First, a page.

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Parents and grandparents often clash over raising children

The results of a national survey from Michigan Medicine show that about half of parents clash with grandparents over parenting choices and rules. The research suggests that disagreements over discipline, meals, and screen time are commonly disputed.

The C.S. Mott Children’s Hospital National Poll found that one in seven parents limits a child’s visitation with certain grandparents, and discipline was the most frequently reported source of tension. 

“Grandparents play a special role in children’s lives and can be an important resource for parents through support, advice and babysitting. But they may have different ideas about the best way to raise the child and that can cause tension,” said Mott Poll co-director Sarah Clark.

“If grandparents contradict or interfere with parenting choices, it can have a serious strain on the relationship.”

The survey collected more than 2,000 responses from parents on issues ranging from manners to social media. 

While 40 percent of parents said that a grandparent was too easy on a child, 14 percent reported that a grandparent was too tough.

Meanwhile, nearly half of parents said that disagreements arise from grandmother or grandfather being both too lenient and overly harsh.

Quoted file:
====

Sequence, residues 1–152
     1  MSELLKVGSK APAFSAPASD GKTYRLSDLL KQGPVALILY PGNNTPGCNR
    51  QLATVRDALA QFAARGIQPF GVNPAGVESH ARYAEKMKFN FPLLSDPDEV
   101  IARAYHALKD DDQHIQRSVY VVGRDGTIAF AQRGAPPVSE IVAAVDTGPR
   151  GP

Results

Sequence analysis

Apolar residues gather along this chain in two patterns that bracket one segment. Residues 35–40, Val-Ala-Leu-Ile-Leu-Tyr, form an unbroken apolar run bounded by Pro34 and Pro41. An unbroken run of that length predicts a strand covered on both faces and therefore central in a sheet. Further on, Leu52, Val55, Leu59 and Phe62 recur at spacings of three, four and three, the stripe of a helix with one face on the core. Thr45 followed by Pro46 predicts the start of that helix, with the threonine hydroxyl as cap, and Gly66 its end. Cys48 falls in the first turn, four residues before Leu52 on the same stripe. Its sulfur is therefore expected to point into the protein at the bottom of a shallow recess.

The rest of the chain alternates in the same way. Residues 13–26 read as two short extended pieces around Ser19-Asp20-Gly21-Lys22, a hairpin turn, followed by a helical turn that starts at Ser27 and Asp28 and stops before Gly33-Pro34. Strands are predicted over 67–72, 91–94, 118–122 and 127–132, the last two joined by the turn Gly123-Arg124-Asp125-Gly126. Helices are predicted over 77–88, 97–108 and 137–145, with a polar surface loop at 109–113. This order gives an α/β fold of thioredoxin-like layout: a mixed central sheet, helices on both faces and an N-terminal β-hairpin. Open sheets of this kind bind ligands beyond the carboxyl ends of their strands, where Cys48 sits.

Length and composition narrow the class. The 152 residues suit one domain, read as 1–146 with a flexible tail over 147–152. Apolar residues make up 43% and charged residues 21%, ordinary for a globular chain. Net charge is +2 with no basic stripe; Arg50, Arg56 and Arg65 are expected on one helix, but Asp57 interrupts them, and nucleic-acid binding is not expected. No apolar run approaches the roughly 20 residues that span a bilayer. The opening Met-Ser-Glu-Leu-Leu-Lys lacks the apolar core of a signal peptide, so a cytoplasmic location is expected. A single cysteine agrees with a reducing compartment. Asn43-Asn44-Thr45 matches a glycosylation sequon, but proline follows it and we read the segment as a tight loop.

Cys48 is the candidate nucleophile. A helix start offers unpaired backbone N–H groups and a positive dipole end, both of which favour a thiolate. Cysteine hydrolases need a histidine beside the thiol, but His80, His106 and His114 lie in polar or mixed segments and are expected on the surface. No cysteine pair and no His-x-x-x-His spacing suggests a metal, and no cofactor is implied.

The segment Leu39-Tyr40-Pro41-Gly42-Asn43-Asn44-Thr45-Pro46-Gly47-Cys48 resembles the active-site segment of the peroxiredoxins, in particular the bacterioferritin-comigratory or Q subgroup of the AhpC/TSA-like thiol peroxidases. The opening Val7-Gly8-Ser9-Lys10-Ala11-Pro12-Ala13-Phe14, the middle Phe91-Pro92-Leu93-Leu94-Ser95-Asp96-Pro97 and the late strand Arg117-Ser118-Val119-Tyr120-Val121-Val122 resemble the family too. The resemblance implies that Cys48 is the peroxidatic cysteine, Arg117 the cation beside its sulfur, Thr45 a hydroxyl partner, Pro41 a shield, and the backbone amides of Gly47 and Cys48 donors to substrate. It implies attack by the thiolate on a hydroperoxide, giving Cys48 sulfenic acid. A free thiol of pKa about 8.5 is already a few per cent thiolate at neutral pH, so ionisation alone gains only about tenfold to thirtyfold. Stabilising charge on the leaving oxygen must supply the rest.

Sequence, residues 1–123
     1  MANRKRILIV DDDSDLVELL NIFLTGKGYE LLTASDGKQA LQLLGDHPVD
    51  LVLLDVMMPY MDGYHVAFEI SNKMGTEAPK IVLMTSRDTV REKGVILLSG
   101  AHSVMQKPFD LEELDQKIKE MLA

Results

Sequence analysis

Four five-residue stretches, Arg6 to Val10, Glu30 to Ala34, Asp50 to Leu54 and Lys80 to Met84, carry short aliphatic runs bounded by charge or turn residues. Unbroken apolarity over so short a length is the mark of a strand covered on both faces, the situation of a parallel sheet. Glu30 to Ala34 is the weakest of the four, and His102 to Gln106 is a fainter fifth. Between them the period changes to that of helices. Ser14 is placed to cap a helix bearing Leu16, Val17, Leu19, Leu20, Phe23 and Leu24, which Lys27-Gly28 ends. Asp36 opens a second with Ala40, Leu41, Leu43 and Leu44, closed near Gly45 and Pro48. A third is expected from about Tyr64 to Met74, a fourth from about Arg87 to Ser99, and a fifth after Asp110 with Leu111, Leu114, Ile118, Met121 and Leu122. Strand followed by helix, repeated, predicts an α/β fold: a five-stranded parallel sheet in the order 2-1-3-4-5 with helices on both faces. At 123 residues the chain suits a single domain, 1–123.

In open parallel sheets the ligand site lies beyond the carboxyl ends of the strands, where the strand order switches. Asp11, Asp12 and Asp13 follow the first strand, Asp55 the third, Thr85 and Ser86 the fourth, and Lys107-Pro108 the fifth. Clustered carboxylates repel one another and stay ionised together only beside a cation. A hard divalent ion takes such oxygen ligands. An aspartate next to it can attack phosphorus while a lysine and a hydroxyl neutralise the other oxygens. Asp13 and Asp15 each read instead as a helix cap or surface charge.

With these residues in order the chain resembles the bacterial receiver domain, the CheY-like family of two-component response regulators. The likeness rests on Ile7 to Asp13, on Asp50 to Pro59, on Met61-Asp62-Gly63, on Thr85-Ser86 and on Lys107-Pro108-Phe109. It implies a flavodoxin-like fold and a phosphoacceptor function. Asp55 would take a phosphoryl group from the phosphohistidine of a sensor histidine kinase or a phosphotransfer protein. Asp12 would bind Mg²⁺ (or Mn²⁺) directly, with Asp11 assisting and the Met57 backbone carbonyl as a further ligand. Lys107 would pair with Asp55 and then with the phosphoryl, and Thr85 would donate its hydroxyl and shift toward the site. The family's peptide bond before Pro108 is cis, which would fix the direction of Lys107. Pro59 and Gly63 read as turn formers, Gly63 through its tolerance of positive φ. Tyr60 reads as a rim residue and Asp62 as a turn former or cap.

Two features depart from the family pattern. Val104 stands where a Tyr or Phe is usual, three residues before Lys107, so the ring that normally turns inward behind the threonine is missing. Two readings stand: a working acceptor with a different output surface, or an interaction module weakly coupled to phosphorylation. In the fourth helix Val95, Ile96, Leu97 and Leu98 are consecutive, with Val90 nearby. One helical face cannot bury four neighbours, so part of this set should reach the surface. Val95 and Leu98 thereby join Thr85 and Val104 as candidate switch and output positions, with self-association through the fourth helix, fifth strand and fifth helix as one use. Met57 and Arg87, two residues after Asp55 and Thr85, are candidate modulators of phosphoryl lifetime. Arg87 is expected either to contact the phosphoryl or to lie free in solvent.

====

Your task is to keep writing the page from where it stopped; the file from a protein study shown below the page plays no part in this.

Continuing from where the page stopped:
“Parents may feel that their parental authority is undermined when grandparents are too lenient in allowing children to do things that are against family rules, or when grandparents are too strict in forbidding children to do things that parents have okayed,” said Clark.

She added that some disagreements may stem from intergenerational differences. For example, older adults may insist on doing things the way they used to be done, such as not using a booster seat.

Many survey respondents reported that they have tried to get grandparents to be more respectful of their parenting choices. As a result, about half of grandmothers or grandfathers made a noticeable change in their behavior, while 17 percent outright objected.

“Whether grandparents cooperated with a request or not was strongly linked to parents’ description of disagreements as major or minor,” said Clark. “The bigger the conflict, the less likely grandparents were to budge.”

“Parents who reported major disagreements with grandparents were also likely to feel that the conflicts had a negative impact on the relationship between the child and the grandparent.”

“These findings indicate that grandparents should strive to understand and comply with parent requests to be more consistent with parenting choices – not only to support parents in the difficult job of raising children, but to avoid escalating the conflict to the point that they risk losing special time with grandchildren.”

By Chrissy Sexton, Staff Writer


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